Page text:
Avaliani's brother, Mikhail Avaliani, sits on the city council in Arkhangelsk and is a member of Russia's ruling Unified Russia party. A DMES spokesperson told RFE/RL that the party had not been aware of this fact.

In one of the blurry videos released earlier this week as evidence of the antistate charges, an opposition member identified as Malkhaz Gvelukashvili is heard to say that the purported plot was being financially supported by Russian-based Georgians.

"You know the meeting that took place in Austria," the speaker says. "Those who were in Austria are practically our people too. I mean the Georgians who came from Russia. Do you understand? They have enough money to put the country back on its feet."

Talks Among The Diaspora

Gvelukashvili is apparently referring to a conference of Georgian diaspora leaders that took place in Vienna on March 12-13.

The meeting between Bitsadze and Breus took place in a Kyiv restaurant on the evening of March 13. Bitsadze stated that he had also been in Vienna "on personal business," and the Ukrainian website DailyUA reported on March 26 that Breus was also in Vienna and met on the sidelines of the conference with unidentified participants.

The Vienna conference was entitled "Perspectives for Georgia's Future" and brought together about 100 Georgians living abroad, as well as representatives of Austria's Freedom Party and observers from Russia. It was organized by former Georgian lawmaker Levan Pirveli, who heads the so-called coordinating council of the Georgian opposition in Europe.

Also in attendance at the Vienna meeting were prominent Georgian publisher Malkhaz Gulashvili, Industrialists party leader Zurab Tkemaladze, Liberty party head Konstantine Gamsakhurdia, and Vladimir Khomeriki, head of the Moscow-based Russian-Georgian Unity Foundation.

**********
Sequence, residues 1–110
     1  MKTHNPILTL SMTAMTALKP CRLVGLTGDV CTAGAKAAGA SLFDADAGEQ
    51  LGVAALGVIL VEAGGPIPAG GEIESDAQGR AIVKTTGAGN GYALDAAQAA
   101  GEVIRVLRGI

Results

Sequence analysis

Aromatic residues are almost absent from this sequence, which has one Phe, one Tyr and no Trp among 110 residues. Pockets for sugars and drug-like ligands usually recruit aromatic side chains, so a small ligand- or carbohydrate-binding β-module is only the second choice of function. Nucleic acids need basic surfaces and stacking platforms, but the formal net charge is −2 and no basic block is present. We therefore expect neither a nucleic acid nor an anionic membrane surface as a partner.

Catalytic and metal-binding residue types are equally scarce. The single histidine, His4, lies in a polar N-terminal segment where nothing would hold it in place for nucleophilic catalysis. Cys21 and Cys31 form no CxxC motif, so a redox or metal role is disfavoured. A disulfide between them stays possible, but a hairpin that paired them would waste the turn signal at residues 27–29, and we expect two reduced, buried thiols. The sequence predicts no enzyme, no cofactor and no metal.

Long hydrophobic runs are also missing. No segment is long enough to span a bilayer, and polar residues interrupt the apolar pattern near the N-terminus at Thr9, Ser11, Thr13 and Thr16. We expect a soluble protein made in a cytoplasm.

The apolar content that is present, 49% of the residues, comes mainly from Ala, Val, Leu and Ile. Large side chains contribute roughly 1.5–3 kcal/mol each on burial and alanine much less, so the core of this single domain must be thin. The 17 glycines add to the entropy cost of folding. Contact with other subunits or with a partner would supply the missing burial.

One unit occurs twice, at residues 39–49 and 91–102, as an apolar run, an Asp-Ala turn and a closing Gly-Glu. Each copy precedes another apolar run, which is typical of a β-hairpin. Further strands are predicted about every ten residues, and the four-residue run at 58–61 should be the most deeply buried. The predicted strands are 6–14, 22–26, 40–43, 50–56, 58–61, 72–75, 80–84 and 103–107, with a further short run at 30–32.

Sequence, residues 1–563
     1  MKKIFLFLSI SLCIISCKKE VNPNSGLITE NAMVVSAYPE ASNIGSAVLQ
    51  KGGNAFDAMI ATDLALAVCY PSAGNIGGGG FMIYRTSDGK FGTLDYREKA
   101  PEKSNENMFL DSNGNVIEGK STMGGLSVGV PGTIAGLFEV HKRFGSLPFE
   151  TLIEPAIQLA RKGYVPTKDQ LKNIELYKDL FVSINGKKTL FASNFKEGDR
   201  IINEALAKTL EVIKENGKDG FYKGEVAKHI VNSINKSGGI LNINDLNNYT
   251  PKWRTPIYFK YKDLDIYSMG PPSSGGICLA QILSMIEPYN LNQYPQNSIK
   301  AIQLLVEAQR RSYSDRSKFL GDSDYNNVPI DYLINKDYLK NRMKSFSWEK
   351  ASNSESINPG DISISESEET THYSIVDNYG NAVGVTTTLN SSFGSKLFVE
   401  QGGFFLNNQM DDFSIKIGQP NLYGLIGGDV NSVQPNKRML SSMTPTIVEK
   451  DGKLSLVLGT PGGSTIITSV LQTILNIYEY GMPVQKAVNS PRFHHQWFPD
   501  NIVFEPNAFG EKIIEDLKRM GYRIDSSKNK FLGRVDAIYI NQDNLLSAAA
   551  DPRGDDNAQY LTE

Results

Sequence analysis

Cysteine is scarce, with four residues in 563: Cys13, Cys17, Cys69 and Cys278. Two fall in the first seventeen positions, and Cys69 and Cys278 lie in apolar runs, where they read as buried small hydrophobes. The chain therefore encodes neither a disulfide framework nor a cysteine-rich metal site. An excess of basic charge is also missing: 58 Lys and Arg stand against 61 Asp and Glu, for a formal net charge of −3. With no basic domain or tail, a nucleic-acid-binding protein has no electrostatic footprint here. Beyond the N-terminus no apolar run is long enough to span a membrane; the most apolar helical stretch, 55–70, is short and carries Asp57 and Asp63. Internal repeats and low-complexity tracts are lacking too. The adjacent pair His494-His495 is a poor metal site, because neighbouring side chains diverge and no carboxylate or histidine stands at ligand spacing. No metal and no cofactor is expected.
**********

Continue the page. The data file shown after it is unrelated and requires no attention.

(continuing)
Pirveli told RFE/RL the purpose of the conference was to exchange opinions and that no formal resolutions were adopted.

"There were representatives of various parties and various public organizations there and each had their own opinions, so it was a chance to discuss the regime freely, which is practically impossible now in Georgia because of the regime, the dictatorship of Saakashvili," Pirveli said. "So we held this in a more free territory in the city of Vienna and we exchanged our views on how Georgia should be, how it should develop, and what its strategic direction should be."

Pirveli added that he considers the criminal investigation into members of Burjanadze's party a provocation on the part of the authorities intended to discredit "the real, authentic opposition." He denied having any contacts with Gvelukashvili, the activist who mentioned the Vienna meeting on the video released by Georgian police.

"I have not had any contact with that man, whom I saw for the first time on television. And moreover, I have not had any contact with Burjanadze, her party, or her husband," Pirveli said.

Kremlin Influence

Other observers, though, worry that Moscow is the more likely source of political provocation in Georgia. Senior officials in Moscow, including President Dmitry Medvedev and Prime Minister Vladimir Putin, have not concealed their desire to see Saakashvili and his ardently pro-Western government ousted from power.